The Southeast side of Chicago has always been concerned about the high-level of pollutants in their community. Organizer Peggy Salazar and her team at the Southeast Environmental Task Force knew that there were chemicals like manganese, a neurotoxic metal used in steel production, and petcoke, a byproduct of petroleum refining, being stored in giant open-air piles in their neighborhood, but it was difficult to get city officials to engage on the issue. Four years ago, they asked Senator Durbin to implore the city to monitor for pollutants in their community. When the resulting report turned up appreciable levels of manganese in addition to petcoke, local organizers weren’t surprised, but it further propelled them into action. Since then, families in the predominately Latino and low-income neighborhood have been fighting to get this problem fixed.
But efforts to get the city and EPA to take swift action had stalled. So when some Southeast Side families had the chance to travel to Washington DC last month to talk to their lawmakers about air pollution, they put this issue at the top of their talking points. At a meeting with Senator Durbin, they thanked him for helping to get the monitors installed, and let him know that they had detected the neurotoxic metal manganese, which drifts as dust into their nearby residential neighborhood. They asked Senator Durbin again to help protect their families.
Manganese is being stored and handled in a facility owned by S.H. Bell, and is near residences, parks, playgrounds, and schools in the community. There are thousands of children living within one-mile of S.H. Bell.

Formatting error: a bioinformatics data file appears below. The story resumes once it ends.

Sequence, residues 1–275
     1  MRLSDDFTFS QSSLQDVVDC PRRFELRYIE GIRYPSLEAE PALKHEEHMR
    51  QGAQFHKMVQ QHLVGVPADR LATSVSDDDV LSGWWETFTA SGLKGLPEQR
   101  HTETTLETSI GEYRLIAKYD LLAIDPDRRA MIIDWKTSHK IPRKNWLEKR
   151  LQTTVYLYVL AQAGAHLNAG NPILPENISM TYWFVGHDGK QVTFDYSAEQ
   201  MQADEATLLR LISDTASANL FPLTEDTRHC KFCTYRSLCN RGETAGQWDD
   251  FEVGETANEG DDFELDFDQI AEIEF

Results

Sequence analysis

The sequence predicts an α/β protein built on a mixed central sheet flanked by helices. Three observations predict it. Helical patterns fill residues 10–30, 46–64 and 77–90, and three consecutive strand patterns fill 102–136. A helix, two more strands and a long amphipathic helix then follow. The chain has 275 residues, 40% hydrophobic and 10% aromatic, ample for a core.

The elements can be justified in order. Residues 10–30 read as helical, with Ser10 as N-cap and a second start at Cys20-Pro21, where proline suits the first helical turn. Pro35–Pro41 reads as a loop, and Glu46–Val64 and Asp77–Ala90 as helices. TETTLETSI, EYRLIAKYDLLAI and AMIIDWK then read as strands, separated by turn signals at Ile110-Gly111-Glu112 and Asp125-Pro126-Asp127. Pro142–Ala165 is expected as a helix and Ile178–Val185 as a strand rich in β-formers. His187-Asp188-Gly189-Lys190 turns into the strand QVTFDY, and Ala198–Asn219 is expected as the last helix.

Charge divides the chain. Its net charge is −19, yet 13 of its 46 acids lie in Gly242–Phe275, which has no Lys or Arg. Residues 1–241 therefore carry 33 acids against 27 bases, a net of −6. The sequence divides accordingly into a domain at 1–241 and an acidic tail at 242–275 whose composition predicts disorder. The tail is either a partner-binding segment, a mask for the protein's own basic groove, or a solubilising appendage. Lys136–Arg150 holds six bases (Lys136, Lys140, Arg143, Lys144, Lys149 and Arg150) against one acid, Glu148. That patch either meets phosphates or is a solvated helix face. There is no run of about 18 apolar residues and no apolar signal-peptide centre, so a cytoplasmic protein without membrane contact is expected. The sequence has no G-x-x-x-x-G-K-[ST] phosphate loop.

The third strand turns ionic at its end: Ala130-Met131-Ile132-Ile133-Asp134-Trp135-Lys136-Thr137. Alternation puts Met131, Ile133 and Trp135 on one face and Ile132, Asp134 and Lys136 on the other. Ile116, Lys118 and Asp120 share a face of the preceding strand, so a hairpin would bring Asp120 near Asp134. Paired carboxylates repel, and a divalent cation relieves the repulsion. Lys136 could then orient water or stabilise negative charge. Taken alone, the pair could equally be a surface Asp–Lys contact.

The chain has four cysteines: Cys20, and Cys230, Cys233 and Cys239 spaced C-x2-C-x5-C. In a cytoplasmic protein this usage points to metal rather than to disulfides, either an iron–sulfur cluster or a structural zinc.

Senator Durbin was listening. After the meeting, he wrote letters to S.H. Bell, the Centers for Disease Control and Prevention (CDC), and the EPA about the manganese exposures on the Southeast Side. The letters seem to have infused new energy into the city’s and EPA’s timeline for taking action. A recent community meeting found community members, city officials, and the EPA working through a timeline for monitoring and eliminating exposure to the dangerous pollution.
By speaking directly to their lawmakers about the manganese problem in their community, these Southeast Side moms were able to make a difference. (Tweet this)
“Like all moms, I want the places where our families live, work, and play to be free from pollution and hazardous waste,” says Kelly Nichols, our Chicago-based field organizer. Kelly has been working closely with the Southeast Side community to help seek a solution to the manganese piles. “We are pleased at the importance Senator Durbin has placed on this issue. No mother should have to worry that her children are breathing unsafe levels of in chemicals that can damage their developing brains.”
Says community organizer Olga Bautista of the Southeast Coalition to Ban Petcoke, “[The recent] meeting reaffirmed that both the EPA and the City must work with the community residents and regard them as experts on the day to day experience of living alongside dirty industry. An equitable solution must be fashioned with their input to ensure that they are not at risk from manganese, or more broadly from the toxic soup on the Southeast Side.”